We are on track again to boost economy and ready to give maximum proportion to GDP again.
Globally, the food & beverage industry is expected to experience the differential impact of this rapid spreading COVID-19 on each stage of its value chain through the mediums of the affected workforce at industrial level, raw material supply (agricultural produce, food ingredients, intermediate food products), trade & logistics, demand-supply volatility and uncertain consumer demand at foodservice outlets—among other factors. Production, distribution, and inventory levels across the food & beverage industry spectrum are expected to be impacted.
The affected workforce in agricultural farms, food & beverage production & processing plants, and distribution network are analysed to run the risk of promoting the outbreak of COVID-19, the transmission of which can occur during various activities of co-ordination. There is also a potential risk of spreading the virus through mediums of product outputs, causing food safety concerns, when trade occurs between geographies and different stages of the supply chain, which has resulted in a labour shortage. The corporate level workforce is also at a high risk of being affected, owing to its constant exposure to different stakeholders in the industry, interaction with potentially affected public, and contact with coronavirus-affected persons. Travel bans imposed by several countries are also a contributing factor, affecting the availability of critical personnel required in key decision-making. The workforce can potentially affect business plans and industrial production of food & beverage products.
Implementing High Standards of Cleanliness & Hygiene
From farming to food production, processing, storage, supply and dine-in, businesses now need to implement effective social distancing & hygiene strategies. Some sectors need to completely transform their business model to cater to changing consumer behaviour and government norms. Of course, this would mean reduced work hours, less labourers, lower operational levels, and better cleanliness systems.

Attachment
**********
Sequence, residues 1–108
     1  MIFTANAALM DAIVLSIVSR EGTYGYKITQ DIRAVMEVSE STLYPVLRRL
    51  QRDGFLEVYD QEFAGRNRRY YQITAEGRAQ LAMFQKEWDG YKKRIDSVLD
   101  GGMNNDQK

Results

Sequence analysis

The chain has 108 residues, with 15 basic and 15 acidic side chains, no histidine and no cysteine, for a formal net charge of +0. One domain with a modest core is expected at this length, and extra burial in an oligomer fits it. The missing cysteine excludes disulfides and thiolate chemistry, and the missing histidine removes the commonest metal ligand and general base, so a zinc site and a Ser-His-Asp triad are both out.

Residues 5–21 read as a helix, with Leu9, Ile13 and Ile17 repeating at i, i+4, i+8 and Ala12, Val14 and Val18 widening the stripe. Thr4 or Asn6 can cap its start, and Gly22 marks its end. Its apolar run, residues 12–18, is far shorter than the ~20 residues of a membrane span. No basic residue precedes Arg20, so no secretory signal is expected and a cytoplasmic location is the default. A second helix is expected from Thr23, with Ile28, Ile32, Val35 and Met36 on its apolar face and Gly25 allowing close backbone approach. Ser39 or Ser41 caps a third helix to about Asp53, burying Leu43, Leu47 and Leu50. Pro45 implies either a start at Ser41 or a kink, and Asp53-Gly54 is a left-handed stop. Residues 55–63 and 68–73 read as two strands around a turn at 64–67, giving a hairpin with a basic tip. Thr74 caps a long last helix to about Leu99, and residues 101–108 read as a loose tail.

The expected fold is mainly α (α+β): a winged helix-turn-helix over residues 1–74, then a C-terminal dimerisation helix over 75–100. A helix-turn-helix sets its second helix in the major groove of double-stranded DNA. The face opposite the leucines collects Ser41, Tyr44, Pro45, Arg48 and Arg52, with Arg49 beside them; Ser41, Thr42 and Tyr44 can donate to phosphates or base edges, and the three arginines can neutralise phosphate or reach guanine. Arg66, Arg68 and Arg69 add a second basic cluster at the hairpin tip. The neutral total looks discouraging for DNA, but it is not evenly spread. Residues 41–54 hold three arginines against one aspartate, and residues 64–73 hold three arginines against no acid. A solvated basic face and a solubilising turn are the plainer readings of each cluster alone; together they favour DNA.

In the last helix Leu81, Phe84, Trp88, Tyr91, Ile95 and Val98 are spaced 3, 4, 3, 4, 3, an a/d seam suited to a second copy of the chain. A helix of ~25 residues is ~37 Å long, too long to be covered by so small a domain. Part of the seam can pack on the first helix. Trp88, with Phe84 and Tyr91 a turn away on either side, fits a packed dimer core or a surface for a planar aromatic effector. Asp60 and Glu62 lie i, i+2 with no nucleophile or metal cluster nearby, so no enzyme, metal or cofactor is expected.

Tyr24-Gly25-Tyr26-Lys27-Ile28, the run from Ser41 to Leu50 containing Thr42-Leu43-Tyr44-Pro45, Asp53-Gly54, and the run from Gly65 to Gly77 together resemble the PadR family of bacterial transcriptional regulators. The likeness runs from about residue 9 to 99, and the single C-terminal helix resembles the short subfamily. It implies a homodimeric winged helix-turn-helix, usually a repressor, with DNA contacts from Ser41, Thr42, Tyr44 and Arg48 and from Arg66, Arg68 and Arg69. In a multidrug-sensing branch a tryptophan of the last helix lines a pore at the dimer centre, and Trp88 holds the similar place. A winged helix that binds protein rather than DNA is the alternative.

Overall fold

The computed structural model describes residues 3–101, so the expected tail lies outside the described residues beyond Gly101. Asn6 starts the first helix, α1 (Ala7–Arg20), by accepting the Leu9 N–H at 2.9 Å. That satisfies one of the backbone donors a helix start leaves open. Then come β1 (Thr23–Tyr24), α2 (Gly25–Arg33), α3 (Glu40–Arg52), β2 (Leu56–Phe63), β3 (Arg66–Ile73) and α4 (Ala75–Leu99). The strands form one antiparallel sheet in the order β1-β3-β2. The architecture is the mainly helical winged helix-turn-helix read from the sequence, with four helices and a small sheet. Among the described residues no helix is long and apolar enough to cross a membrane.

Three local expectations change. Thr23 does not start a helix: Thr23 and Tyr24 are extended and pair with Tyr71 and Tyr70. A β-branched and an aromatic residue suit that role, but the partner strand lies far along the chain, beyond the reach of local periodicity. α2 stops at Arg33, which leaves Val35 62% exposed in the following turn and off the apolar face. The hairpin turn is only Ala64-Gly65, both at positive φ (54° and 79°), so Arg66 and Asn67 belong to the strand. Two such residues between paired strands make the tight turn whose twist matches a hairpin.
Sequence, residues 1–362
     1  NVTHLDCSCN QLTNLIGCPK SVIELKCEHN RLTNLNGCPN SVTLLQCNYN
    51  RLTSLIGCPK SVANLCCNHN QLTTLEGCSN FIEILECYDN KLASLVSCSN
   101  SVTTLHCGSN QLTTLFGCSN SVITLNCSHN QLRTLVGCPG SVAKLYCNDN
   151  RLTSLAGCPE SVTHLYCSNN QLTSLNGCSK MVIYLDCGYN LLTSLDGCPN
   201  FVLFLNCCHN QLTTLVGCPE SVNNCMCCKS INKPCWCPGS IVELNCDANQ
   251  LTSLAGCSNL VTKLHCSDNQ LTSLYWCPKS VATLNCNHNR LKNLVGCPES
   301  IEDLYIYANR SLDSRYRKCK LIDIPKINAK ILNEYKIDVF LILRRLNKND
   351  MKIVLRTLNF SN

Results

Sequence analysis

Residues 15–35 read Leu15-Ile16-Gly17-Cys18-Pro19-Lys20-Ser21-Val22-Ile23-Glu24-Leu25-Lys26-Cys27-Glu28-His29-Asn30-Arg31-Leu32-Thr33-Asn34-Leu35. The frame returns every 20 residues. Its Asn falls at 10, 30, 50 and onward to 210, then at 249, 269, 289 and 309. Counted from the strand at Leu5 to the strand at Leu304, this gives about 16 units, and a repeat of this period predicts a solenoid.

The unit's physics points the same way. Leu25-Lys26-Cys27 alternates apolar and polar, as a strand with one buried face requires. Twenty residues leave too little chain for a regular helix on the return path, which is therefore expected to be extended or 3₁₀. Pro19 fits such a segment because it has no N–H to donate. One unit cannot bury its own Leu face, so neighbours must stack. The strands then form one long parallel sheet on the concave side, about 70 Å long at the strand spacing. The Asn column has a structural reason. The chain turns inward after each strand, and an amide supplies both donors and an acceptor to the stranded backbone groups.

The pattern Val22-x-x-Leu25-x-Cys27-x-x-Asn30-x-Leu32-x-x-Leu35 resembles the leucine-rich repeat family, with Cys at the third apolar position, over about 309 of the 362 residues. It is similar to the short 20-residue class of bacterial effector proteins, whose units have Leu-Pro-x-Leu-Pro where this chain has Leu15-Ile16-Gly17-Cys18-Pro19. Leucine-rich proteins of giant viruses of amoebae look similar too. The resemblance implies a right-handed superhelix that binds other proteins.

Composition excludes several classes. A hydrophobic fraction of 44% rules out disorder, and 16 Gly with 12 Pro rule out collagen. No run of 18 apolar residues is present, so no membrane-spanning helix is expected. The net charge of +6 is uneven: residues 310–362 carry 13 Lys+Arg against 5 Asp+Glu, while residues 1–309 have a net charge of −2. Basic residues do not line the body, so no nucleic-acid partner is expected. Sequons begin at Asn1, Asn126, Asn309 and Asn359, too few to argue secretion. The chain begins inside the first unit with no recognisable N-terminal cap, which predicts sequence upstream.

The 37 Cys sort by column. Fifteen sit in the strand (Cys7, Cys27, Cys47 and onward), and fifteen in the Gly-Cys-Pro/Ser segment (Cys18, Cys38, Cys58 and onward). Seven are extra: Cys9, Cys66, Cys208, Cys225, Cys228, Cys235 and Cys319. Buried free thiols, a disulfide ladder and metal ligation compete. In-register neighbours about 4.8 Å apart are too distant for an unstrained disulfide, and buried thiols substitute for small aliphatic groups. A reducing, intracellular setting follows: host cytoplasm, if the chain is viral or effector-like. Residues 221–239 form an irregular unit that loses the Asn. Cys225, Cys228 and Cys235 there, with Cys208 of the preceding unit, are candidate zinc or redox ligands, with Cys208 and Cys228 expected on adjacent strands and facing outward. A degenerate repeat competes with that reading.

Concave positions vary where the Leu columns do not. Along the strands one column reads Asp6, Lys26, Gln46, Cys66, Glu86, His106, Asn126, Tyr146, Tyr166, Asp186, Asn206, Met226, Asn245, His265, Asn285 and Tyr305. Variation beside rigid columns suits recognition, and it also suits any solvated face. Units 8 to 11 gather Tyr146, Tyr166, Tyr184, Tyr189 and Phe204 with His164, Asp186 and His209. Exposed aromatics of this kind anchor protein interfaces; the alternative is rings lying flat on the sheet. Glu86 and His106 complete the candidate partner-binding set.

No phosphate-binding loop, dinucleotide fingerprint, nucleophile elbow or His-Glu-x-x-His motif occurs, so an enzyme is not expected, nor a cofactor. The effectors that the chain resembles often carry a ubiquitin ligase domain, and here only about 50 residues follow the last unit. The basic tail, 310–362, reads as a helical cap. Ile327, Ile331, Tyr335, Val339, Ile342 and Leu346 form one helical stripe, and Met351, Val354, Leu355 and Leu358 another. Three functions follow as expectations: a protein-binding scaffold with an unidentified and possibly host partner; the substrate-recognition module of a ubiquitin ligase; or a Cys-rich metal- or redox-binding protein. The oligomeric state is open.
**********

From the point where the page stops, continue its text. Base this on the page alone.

As consumers are emphasising more on contactless delivery and greater hygiene, cost will increase. However, in the long run, this will help respond to the coronavirus pandemic and recover effectively. An example of implementing safe and hygiene measures in the dine-in segment is changing menus to include combo meals and comfort food. Change in sitting arrangements, keeping social distancing in mind, is another aspect.
The overall objective of the food industry should be to focus on healthy products, hygiene maintenance, and safe deliveries.
Minimising Loss of Production & Profitability through Support
Due to global coronavirus pandemic, subsequent lockdowns and changes in demands, the domestic farming, manufacturing/processing and supply chain have witnessed significant loss. These losses can be minimised through government support for at least 6-12 months. For farmers, this can be in the form of aids like price support or productivity training. Support schemes should be implemented to aid supply for seasoned labourers, improving production and reducing costs for the time being.
For food production/processing and supply chain units, support should be in the form of maintenance and recovery. The government should implement and regulate definitive steps to help food businesses maintain liquidity and overcome from their losses. These will involve high deferral costs in the short run, but will be recovered over time.
From Dine-in to Delivery…Make the Shift